NEXES. LLC v. TELRITE CORPORATION, INC.

Filing 64

ORDER denying defendant Telrite's 56 Motion to Dismiss. Signed by Judge Richard L. Young on 12/7/2010. (TMD)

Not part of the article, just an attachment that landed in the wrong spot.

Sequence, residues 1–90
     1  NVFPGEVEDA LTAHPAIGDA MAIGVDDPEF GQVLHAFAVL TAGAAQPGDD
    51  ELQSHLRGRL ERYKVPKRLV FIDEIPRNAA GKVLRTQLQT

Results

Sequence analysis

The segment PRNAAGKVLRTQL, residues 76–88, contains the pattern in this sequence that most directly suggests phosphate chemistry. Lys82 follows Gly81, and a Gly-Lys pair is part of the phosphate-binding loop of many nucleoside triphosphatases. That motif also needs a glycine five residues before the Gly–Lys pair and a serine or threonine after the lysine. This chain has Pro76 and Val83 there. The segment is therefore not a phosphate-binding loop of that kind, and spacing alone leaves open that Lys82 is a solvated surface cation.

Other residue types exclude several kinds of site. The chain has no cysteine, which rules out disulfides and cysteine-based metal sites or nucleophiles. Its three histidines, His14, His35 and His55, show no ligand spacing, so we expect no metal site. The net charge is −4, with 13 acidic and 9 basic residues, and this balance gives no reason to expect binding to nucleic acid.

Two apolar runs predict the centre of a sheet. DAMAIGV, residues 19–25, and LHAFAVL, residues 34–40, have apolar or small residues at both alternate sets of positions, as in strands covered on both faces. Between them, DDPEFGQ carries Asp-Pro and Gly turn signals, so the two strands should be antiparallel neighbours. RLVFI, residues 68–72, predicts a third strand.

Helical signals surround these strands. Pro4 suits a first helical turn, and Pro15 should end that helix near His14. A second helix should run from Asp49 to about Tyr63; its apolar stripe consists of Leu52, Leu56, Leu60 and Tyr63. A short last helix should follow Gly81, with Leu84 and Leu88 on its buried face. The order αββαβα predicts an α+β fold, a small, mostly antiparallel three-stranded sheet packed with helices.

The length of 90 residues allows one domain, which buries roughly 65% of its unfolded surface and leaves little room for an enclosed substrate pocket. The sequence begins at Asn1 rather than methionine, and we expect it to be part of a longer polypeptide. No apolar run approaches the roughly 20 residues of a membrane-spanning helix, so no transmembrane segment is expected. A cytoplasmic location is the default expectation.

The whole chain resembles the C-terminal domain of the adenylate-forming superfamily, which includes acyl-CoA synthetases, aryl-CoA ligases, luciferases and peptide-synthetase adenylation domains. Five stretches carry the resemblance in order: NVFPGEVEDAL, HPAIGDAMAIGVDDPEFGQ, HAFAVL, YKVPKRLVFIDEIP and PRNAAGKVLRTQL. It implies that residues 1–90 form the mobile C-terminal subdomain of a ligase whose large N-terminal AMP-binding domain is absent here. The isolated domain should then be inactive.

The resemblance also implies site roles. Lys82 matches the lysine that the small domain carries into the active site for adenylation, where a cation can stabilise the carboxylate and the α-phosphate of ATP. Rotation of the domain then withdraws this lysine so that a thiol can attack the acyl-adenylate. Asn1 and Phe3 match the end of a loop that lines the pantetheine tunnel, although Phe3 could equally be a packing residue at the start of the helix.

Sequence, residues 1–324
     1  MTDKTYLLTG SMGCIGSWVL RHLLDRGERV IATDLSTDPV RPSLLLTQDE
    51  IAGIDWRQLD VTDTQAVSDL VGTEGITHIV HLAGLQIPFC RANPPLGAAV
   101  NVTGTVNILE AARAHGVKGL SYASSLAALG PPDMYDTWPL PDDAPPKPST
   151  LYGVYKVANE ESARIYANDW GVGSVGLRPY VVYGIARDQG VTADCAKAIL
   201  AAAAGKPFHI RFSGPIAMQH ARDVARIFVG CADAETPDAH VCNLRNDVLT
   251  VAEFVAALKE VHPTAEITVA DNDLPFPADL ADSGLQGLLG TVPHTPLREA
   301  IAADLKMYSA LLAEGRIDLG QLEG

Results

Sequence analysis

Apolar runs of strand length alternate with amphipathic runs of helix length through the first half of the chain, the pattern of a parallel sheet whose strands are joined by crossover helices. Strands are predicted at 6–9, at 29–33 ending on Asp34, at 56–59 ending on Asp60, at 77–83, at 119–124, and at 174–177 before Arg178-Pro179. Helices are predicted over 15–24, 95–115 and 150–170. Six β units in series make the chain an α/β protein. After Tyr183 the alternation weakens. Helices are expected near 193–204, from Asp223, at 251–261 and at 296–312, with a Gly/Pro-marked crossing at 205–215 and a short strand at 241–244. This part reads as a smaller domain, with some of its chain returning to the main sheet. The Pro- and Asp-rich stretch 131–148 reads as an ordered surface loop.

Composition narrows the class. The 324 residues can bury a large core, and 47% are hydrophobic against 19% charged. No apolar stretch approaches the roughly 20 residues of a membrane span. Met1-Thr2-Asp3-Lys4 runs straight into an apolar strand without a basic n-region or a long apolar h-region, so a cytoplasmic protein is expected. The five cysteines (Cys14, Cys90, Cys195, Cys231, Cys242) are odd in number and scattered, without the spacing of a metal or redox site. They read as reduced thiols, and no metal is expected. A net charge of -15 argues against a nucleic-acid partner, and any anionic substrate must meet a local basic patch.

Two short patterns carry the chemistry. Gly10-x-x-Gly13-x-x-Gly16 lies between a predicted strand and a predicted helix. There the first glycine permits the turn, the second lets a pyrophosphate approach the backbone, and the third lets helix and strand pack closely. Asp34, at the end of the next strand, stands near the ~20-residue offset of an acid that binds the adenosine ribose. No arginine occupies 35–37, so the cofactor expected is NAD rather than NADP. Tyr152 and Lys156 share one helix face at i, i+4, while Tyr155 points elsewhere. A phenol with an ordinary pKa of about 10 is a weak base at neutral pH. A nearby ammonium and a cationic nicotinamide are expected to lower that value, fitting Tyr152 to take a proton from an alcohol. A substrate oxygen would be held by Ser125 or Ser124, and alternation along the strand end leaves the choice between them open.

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UNITED STATES DISTRICT COURT SOUTHERN DISTRICT OF INDIANA EVANSVILLE DIVISION ALAN POWERS, on behalf of NEXES GROUP, LLC, and ICENET, LLC, Plaintiff, vs. TELRITE CORPORATION, INC., Defendant. ) ) ) ) ) ) ) ) 3:05-cv-0216-RLY-WGH ENTRY ON DEFENDANT TELRITE CORPORATION'S MOTION TO DISMISS SECOND AMENDED COMPLAINT Defendant Telrite Corporation, Inc. ("Telrite"), moves to dismiss Plaintiff Alan Powers' ("Powers") Second Amended Complaint ("Complaint"), because Powers is not the real party in interest under Federal Rule of Civil Procedure 17 ("Rule 17"), and because the Complaint fails to state a claim upon which relief may be granted pursuant to Federal Rule of Civil Procedure 12(b)(6) ("Rule 12(b)(6)"). For the reasons set forth below, Telrite's Motion to Dismiss is DENIED. I. Background On July 14, 2004, Icenet, LLC ("Icenet"), and Telrite entered into an agreement ("the Agreement"), which was consummated in the State of Indiana. (Complaint 4, 6, 9). At all relevant times, Nexes Group, LLC ("Nexes"), was the sole member of Icenet. (Complaint 8). In December 2004, Icenet merged with Nexes, and Nexes emerged as the surviving entity. (Telrite Ex. A). 1 Powers filed this lawsuit on behalf of Icenet and Nexes, who have authorized him to wind up their affairs, alleging that Telrite breached the Agreement and failed to pay for services rendered. (Complaint 1, 2, 15). Due to Telrite's failure to make payments to Icenet of the no less than $2,900,000 required pursuant to the Agreement, Powers alleges that Telrite is in default of the Agreement. (Complaint 11-12, 14). Powers also claims that Icenet and/or Nexes provided telecommunications services to Telrite from June 2004 through December 2004 for which Telrite has refused to pay. (Complaint 17-20). Powers insists he is entitled to an additional $250,000 for these services. (Complaint 19). On August 9, 2010, Telrite filed a Motion to Dismiss Power's Second Amended Complaint, alleging that Powers is not the real party in interest and that the Complaint fails to state a claim upon which relief may be granted. (Memorandum in Support of its Motion to Dismiss ("Motion Brief") 1). Telrite challenges Powers' assertion that he is legally entitled to bring this action, insisting that Nexes is the real party in interest pursuant to Rule 17. (Motion Brief 3-4). Additionally, Telrite claims that because Section 8.3 of the Agreement prohibited Icenet from assigning, by merger, its rights under the Agreement, Nexes has no right to enforce the Agreement; therefore, the breach of contract claim must fail. (Motion Brief 1, 3; Complaint Ex. A1, at 8.3). Because Powers submits multiple exhibits labeled "A," the exhibits are distinguished by including a reference to the document to which the exhibit is attached, i.e., the Complaint or the Response. 2 1 The court has jurisdiction over this matter pursuant to 28 U.S.C. 1332 (a)(1), which requires diversity of the parties and an amount in controversy in excess of $75,000. For the purposes of diversity jurisdiction, the citizenship of an LLC is equivalent to the citizenship of its members. Cosgrove v. Bartolotta, 150 F.3d 729, 731 (7th Cir. 1998). Here, Icenet's sole member at all relevant times was Nexes, a Delaware LLC. (Complaint 3, 5). Nexes' members included corporations who, at all relevant times, were citizens of Delaware, Indiana, Wisconsin, and Florida. (Complaint 5). Powers is a citizen of California. (Complaint 2). In contrast, Telrite is a citizen of Georgia, a state in which neither Powers, nor Icenet, nor Nexes is a citizen. (Complaint 2-7). The diversity of the parties, combined with Powers' claim for more than two million dollars, satisfies the jurisdictional requirements of 28 U.S.C. 1332(a)(1). II. Extrinsic Materials As an initial matter, Powers and Telrite submit several exhibits for the court to consider, some of which refer to facts and evidence outside the pleadings. "If, on a motion under Rule 12(b)(6) or 12(c), matters outside the pleadings are presented to and not excluded by the court, the motion must be treated as one for summary judgment under Rule 56." FED.R.CIV.P. 12(d). However, documents that are referred to in a complaint and are authentic and central to a plaintiff's claim can be considered in a Rule 12(b)(6) motion to dismiss without converting it into a motion for summary judgment. Hecker v. Deere & Co., 556 F.3d 575, 582 (7th Cir. 2009) (citing Tierney v. Vahle, 304 F.3d 734, 738 (7th Cir. 2002)). Additionally, the district court may take judicial notice of matters of 3 public record, including public court documents, without converting a 12(b)(6) motion into a motion for summary judgment. Henson v. CSC Credit Services, et. al., 29 F.3d 280, 284 (7th Cir. 1994) (citing U.S. v. Wood, 925 F.2d 1580, 1582 (7th Cir. 1991)). Here, Powers attached fifteen documents to his Response to Telrite's Motion to Dismiss ("Response"), and Telrite attached one exhibit to its Motion Brief for the court to consider. The court may consider the Agreement in question, because it is mentioned in the Complaint (Complaint Ex. A), as well as the bankruptcy court motion and orders (Powers' Exs. E, N-O), because they are public records. See Henson, 29 F.3d, at 284. The court may also take judicial notice of Telrite's submission of the online records of Icenet and Nexes available from the website of the Delaware Secretary of State (Telrite Ex. A). See Buck v. Bayer Healthcare Pharm., Inc., 2010 WL 623529, at *1 n.3 (N.D.Ind. Feb. 18, 2010) (noting that the court may take judicial notice of online records of corporations) (citing Colon v. SmithKline Beecham Corp., 2010 WL 46523, at *3 (S.D.Ill. Jan. 5, 2010). Powers' use of the remaining documents (Powers' Exs. A-D, FM) to prove factual allegations is unnecessary, whether or not they are matters of public record, because the court must treat the factual allegations in the complaint as true for the purposes of a motion to dismiss. Accordingly, the court will not consider Powers' remaining documents. If the parties wish for the court to consider such extrinsic materials, the appropriate action is to file a motion for summary judgment. See FED.R.CIV.P. 12(d). 4 III. Motion to Dismiss Standard Rule 12(b)(6) of the Federal Rules of Civil Procedure authorizes the dismissal of claims for "failure to state a claim upon which relief may be granted." FED.R.CIV.P. 12(b)(6). The purpose of a motion to dismiss under Rule 12(b)(6) is to test the legal sufficiency of the complaint, not the merits of the lawsuit. Szabo v. Bridgeport Machines, Inc., 249 F.3d 672, 675-76 (7th Cir. 2001). A complaint need not make detailed factual allegations to survive a Rule 12(b)(6) motion to dismiss, but it must contain more than labels and conclusions or a formalistic recitation of the elements of a cause of action. Bell Atlantic Corp. v. Twombly, 550 U.S. 544, 555 (2007). The court must treat the factual allegations in the complaint as true, construe the allegations liberally, and draw all reasonable inferences in the plaintiff's favor. See Brown v. Budz, 398 F.3d 904, 908 (7th Cir. 2005). Accordingly, the facts outlined above are accepted as Powers alleges them. IV. Discussion Telrite contends that Powers' claim should be dismissed, because (A) Powers is not the real party in interest under Rule 17 and (B) the Complaint fails to state a claim upon which relief can be granted. A. Real Party in Interest Telrite asserts that, under Rule 17, Powers is not the real party in interest and does not have the capacity to sue. The real party in interest, Telrite insists, is Nexes, the surviving corporate entity of the Icenet/Nexes merger. Under Rule 17, "[a]n action must be prosecuted in the name of the real party in interest." FED.R.CIV.P. 17(a)(1). A party 5 authorized by statute "may sue in their own names without joining the person for whose benefit the action is brought." Id. at 17(a)(1)(G). Powers claims that he is authorized by Indiana statutes to sue on behalf of Nexes or Icenet; however, Telrite believes that the relevant statutes merely authorize an LLC to sue in its own name. Telrite claims that (1) Delaware law governs who has the capacity to sue as the real party in interest pursuant to Rule 17(b), and (2) even if Indiana law applies, no Indiana statute authorizes Powers to sue on behalf of Nexes, the real party in interest. 1. Capacity to Sue Pursuant to Rule 17(b) As an initial matter, Telrite's claim that Rule 17(b)(2) dictates which state's law governs an LLC's capacity to sue is incorrect. Under Rule 17(b)(2), a corporation's capacity to sue is governed by the law under which it was organized. Id. at 17(b)(2). If both Nexes and Icenet, having been organized in Delaware, are treated as corporations as Telrite suggests, Delaware law would govern their capacity to sue. See id. This is not the case, however, because the Seventh Circuit has repeatedly held that an LLC is neither a corporation, nor an individual; therefore, the Northern District of Illinois' holding that LLC's are governed by Rule 17(b)(3), the catchall subsection, is persuasive. Bahlenhorst v. Vrdolyak, 2009 WL 65180, at *3 (N.D.Ill. Jan. 9, 2009) (citing Wise v. Wachovia Sec., LLC, 450 F.3d 265, 267 (7th Cir. 2006) (distinguishing an LLC from a corporation)). Accordingly, when considering whether an individual has the capacity to sue in his own name on behalf of an LLC, the court must look to the law of the state where the court is located. See FED.R.CIV.P. 17(b)(3). Because this court is located in Indiana, Indiana law 6 controls this issue, rendering Telrite's application of Delaware law erroneous. See id. 2. Powers' Statutory Authorization to Sue on Behalf of the LLCs Telrite next claims that even if Indiana law governs an LLC's capacity to sue in this case, no Indiana statute authorizes Powers to sue in his own name on behalf of the LLCs. If any party has the capacity to sue as the real party in interest, Telrite argues, that party is Nexes.2 On the other hand, Powers declares that he has been duly authorized by Icenet and Nexes in accordance with various Indiana statutes to wind up the affairs of those entities, which includes the capacity to bring suit on their behalf to recover monies due and owing to them. In Indiana, an LLC's members or managers are entitled to wind up its business or affairs, unless otherwise provided in a written operating agreement. Ind. Code 23-18-94. In winding up and liquidating its business affairs, a dissolved LLC may commence a proceeding in its name. Id. at 23-18-9-3(a), (b)(5) (emphasis added). In this case, the court cannot determine, without considering evidence outside the complaint, whether Icenet and Nexes have written agreements authorizing Powers, who is an officer rather than a member of each LLC, to wind up their affairs. For the purposes of a motion to Ironically, Nexes was the named plaintiff in the original complaint filed in this case; yet, in its answer, Telrite asserted as an affirmative defense that Nexes was not the real party in interest. In response, Plaintiff filed two amended complaints in attempts to name the real party in interest, both of which were contested by Telrite. Now, after time-consuming litigation on this point and nearly five years after the filing of this lawsuit, Telrite admits that the original complaint properly named Nexes as the real party in interest. Going forward, Telrite is advised to evaluate more carefully the merits of the claims and defenses it submits to the court so as to avoid such unnecessary litigation. 7 2 dismiss, however, the court accepts Powers' allegation in the complaint that he is authorized to wind up the affairs of each LLC, which includes filing proceedings. See Ind. Code 23-18-9-3(a), (b)(5), 23-18-9-4; (Complaint 2). Despite this authorization, Indiana law clearly calls for suits to be brought in the name of an LLC rather than on behalf of an LLC, as the caption currently reads. See id. Although this distinction has virtually no impact on the merits of this case, the statutory language dictates that the appropriate named plaintiffs are the LLCs themselves. See Ind. Code 23-18-9-3. Treating Powers' factual allegation as true, he is authorized by statute to sue in the name of Nexes and Icenet in order to wind up and liquidate their business and affairs. See Ind. Code 23-18-9-3(a), (b)(5); (Complaint 2, 15). Because the original complaint listed Nexes as the named plaintiff and Telrite asserts in its Motion Brief that Nexes has the capacity to sue as the real party in interest, neither party should object to an amendment of the caption to reflect Nexes as a named plaintiff. (Docket # 1 (Complaint against Telrite Corp., Inc.; Motion Brief 4). After the merger of Icenet and Nexes, Icenet ceased to exist, and its assets and liabilities passed to Nexes as the surviving LLC. Ind. Code 23-18-7-5. Accordingly, in the court's view, the proper course is to amend the caption to reflect Nexes, which has assumed the interests of Icenet, as the named plaintiff. B. Failure to State a Claim pursuant to Rule 12(b)(6) Telrite also asserts that the Complaint fails to state a claim upon which relief may be granted and therefore must be dismissed. In the Complaint, Powers alleges that Telrite 8 breached the Agreement to which Icenet and Telrite were parties; therefore, he is entitled, on behalf of Icenet and Nexes, to damages arising from Telrite's breach and refusal to pay for services rendered. (Complaint 1, 9, 14). Because Section 8.12 of the Agreement stipulates that the Agreement "shall be governed by and construed in accordance with the laws of the State of Indiana," Indiana law governs the breach of contract claim. See Allen v. Great American Reserve Ins. Co., 766 N.E.2d 1157, 1162 (Ind. 2002) (noting that Indiana choice of law doctrine favors contractual stipulations as to governing law) (internal citations omitted). To prevail on a breach of contract claim in Indiana, a plaintiff must prove the existence of a contract, the defendant's breach thereof, and damages. Collins v. McKinney, 871 N.E.2d 363, 368 (Ind. Ct .App. 2007). It is undisputed that Telrite and Icenet were parties to a contract; however, Telrite claims that the Agreement was not assignable by either party according to Section 8.3, which states in relevant part: Neither Party may assign any portion of the Agreement, voluntarily or involuntarily, including without limitation by operation of law or by merger in which such Party does not survive. . . . No person or entity not a party hereto shall have any interest herein or be deemed a third party beneficiary hereof, and nothing contained herein shall be construed to create any rights enforceable by any other person or third party. (Complaint Ex. A, at 8.3). Under this provision, Telrite argues that Icenet could not assign its rights under the Agreement to Nexes, the surviving party of a merger between the two LLCs; therefore, Nexes, who was not a party to the agreement, has no right to 9 enforce it. In contrast, Powers believes that such a reading of Section 8.3 renders Section 8.5 of the agreement mere surplusage. Section 8.5 states that the Agreement "shall be binding upon and inure to the benefit of, and are enforceable by, the Parties and their respective legatees, distributees, legal representatives, successors and permitted assigns." Powers argues that if Section 8.3 is read to prevent any person or entity other than the parties to the Agreement from enforcing its rights under the Agreement, under no circumstances could a successor to one of the parties enforce the Agreement, rendering the inclusion of "successors" in Section 8.5 meaningless. The court agrees with Powers that Section 8.3 renders the inclusion of "successors" in Section 8.5 meaningless. It is well-established that the language of a contract must be construed "so as not to render any words, phrases, or terms ineffective or meaningless." See Orthodontic Affiliates, P.C. v. Long, 841 N.E.2d 219, 222 (Ind. Ct. App. 2006) (internal citations omitted). Additionally, Section 8.5 allows for enforcement of the Agreement by "permitted assigns," yet Section 8.3 prevents either party from assigning any portion of the agreement. This tension between Sections 8.3 and 8.5 renders Section 8.3 ambiguous; therefore, it is plausible that Nexes has the right to enforce the Agreement. Because Powers plausibly claims the existence of a contract, which Nexes has the right to enforce; a breach of that contract; and damages due to the breach, Powers has stated a valid claim for relief. (See Complaint 9, 12, 14-17, 19). 10 V. Conclusion Based on the foregoing reasons, Defendant Telrite Corporation, Inc.'s, Motion to Dismiss the Second Amended Complaint (Docket # 56) is DENIED. The caption of this case is amended to reflect Nexes Group, LLC, as the plaintiff. SO ORDERED this 7th day of December 2010. __________________________________ RICHARD L. YOUNG, CHIEF JUDGE RICHARD L. YOUNG, CHIEF JUDGE United States District Court United States District Court SSouthern District of Indiana outhern District of Indiana Electronic copies to: Paul Thomas Deignan TAFT STETTINIUS & HOLLISTER LLP pdeignan@taftlaw.com Andrew Todd Kight TAFT STETTINIUS & HOLLISTER LLP akight@taftlaw.com Peter L. Obremskey PARR RICHEY OBREMSKEY FRANDSEN & PATTERSON LLP jdouglas@parrlaw.com Michael L. Schultz PARR RICHEY OBREMSKEY FRANDSEN & PATTERSON LLP-Lebanon mschultz@parrlaw.com 11